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Child tape recordings (voicemail, tape, video) of behavior. Can a law guardian "block" these from being used as evidence?

Brooklyn, NY |

I have joint legal custody of my daughter, mother has physical. I have video of my daughter self abusing her arm. I have audio of my daughter stating that she isn't allowed to answer my questions (what did you do this weekend, how was school, who are your friends). When pressed, she says her mother told her not to answer my questions. I have a horrific voice mail of my daughter screaming at me after the mother egged her on. Daughter's canned phrase is "I don't want to talk about this Daddy". She's 3.5 years old. Assume pro se.

Attorney Answers 3


If the child's behavior is so abnormal around you that you are concerned that the mother is trying to frustrate your parenting/visitation time, I might petition the Family Court to find the mother in violation or contempt and see what happens. The fact that the Attorney for the Child is not on your side is of concern, however, such attorneys are usually neutral and are trying to do what the child really wants, despite the belief of one or both parents that the child is being "coached" by the custodial parent as to what to say.

Since you have joint legal custody, you may want to have the child independently examined by a qualified forensic psychologist to explore the basis for her behavior. You might also want to explore the parenting and mediation resources offerred for free by many NYS Family Courts to see whether the tension between the two parents can be reduced and for both participants to focus on what is in the best interests of the child rather than using the child as an object to argue about.

As opposed to what I presume may have been your other question about "boyfriend/girlfriend" contact, there is more of an expectation here that you have a right to visitation and developing a relationship with your child which not poisoned by the custodial parent, though it may take some work and concessions on both your parts, and I believe here an attorney could be useful to help mediate the issues and reduce the apparent level of conflict.

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I do not like the expression you used "when pressed". Do not press a 3.5 year old as to tell you anything about her mother on issues of custody. It is not right for the child, and it will backfire for you in the custody proceedings. New York State has a Children's Bill of Right prohibiting parents to discuss child custody and visitation proceedings with the children. Any child will get defensive if asked questions about the other parent, especially when the child knows parents are not on friendly terms with one another. I would not put a child into such a position. I would not suggest to use video and audio of the child unless it is a voice mail, meaning you did not record it. In case of a 3.5 year old a voice mail will mean to the court that the mother called and let the child record the nasty voice-mail, as it is doubtful that a 3.5 year old will know how to dial the father's number on her own. Just be a father to your child, share your concerns with the Law Guardian and ask the court to appoint a forensic expert to examine any issues of parental alienation. Self-abuse is a serious problem, especially in a child as young. Talk to your child's doctor and to the Law Guardian about it. And, for your own sake, you will be better off with an attorney handling your custody proceedings.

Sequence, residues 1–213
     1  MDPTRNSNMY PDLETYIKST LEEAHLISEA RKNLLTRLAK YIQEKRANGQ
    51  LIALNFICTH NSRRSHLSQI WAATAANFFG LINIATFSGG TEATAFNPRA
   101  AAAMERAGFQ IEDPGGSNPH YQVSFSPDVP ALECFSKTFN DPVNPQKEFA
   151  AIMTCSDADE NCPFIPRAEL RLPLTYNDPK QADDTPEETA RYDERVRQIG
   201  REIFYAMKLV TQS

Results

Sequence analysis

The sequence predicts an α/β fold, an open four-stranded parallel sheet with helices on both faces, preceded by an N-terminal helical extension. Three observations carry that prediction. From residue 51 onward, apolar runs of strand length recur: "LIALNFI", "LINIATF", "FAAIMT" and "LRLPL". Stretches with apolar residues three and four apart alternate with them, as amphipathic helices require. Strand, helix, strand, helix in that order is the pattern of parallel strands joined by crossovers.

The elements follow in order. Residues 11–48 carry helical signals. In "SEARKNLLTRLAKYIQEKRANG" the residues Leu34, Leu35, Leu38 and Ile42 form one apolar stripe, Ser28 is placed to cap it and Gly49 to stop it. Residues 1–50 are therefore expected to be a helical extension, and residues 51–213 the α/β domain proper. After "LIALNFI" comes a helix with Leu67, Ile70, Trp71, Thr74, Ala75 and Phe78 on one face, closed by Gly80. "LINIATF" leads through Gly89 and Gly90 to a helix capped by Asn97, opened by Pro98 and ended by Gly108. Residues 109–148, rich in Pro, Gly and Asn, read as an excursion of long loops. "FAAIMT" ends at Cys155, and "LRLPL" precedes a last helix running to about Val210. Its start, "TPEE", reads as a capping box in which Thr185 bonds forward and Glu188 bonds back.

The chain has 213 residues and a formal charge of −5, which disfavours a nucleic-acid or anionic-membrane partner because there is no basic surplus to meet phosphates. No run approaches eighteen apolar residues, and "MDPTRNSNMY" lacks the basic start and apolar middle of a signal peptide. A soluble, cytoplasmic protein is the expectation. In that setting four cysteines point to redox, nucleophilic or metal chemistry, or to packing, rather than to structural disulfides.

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To rephrase, is there case law which allows a GAL the ability to block audio or video from being used which recounts a child's story telling of parental alienation.


The mother is well on her way to parentally alienating the child from you. That said, you should monitor yourself as to what you are asking of the child. If the mother is adversely affecting the child and/or your relationship with her, then you should consult a family law attorney to discuss evidence and options.

If you found this "helpful" or "best answer," please click it with my appreciation. My response is for educational purposes and does not constitute legal advice nor creates an attorney client relationship which requires all the details and a personal conference.

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